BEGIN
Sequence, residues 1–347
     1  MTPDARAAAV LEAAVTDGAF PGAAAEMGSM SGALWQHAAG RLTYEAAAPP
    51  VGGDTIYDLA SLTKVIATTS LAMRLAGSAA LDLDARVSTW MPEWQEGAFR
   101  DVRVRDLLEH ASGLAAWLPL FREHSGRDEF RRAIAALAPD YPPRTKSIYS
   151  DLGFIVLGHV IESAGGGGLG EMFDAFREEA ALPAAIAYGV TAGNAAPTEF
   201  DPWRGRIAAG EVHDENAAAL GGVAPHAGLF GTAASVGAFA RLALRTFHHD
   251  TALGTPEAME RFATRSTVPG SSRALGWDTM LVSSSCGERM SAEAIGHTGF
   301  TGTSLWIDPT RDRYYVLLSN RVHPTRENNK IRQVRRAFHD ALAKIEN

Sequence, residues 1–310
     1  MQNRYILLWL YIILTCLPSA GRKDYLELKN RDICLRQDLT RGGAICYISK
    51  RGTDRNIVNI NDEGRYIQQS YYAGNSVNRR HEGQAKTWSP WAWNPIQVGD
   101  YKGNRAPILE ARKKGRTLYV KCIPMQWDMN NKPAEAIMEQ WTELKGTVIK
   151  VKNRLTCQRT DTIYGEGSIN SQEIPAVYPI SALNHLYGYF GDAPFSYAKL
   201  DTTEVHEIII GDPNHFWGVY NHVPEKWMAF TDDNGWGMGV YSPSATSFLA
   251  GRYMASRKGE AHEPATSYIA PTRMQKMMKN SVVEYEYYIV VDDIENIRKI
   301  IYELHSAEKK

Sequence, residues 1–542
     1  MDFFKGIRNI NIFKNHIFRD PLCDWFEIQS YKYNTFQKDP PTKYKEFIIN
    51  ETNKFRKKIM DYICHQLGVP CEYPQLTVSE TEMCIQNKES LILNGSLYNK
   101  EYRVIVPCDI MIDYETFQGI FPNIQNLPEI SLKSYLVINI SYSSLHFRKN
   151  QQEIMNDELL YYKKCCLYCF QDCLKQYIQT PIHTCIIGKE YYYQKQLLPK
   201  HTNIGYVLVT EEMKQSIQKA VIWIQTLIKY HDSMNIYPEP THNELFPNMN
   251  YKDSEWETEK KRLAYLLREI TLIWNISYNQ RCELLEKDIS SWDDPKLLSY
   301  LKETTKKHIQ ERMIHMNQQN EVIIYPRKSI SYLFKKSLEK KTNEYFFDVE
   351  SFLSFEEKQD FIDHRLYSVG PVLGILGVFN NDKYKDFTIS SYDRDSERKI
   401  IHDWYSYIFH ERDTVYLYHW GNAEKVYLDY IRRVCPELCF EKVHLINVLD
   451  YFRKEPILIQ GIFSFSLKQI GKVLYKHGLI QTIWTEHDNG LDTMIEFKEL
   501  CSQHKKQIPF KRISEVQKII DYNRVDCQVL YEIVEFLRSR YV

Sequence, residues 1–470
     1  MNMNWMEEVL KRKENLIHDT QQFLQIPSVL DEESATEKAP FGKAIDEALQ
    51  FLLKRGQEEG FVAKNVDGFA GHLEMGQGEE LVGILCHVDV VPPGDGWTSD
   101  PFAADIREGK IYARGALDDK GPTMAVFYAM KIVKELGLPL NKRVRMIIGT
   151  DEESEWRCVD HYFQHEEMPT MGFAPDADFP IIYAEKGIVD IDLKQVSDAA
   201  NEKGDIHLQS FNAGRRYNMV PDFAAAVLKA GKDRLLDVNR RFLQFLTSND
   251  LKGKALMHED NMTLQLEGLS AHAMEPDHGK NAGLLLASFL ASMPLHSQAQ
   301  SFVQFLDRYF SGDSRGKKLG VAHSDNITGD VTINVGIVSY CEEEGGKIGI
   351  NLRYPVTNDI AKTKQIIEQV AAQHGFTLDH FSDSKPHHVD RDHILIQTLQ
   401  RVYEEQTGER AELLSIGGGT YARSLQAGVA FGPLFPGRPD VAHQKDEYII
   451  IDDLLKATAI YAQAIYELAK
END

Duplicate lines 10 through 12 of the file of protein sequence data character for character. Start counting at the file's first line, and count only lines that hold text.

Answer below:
     1  MQNRYILLWL YIILTCLPSA GRKDYLELKN RDICLRQDLT RGGAICYISK
    51  RGTDRNIVNI NDEGRYIQQS YYAGNSVNRR HEGQAKTWSP WAWNPIQVGD
   101  YKGNRAPILE ARKKGRTLYV KCIPMQWDMN NKPAEAIMEQ WTELKGTVIK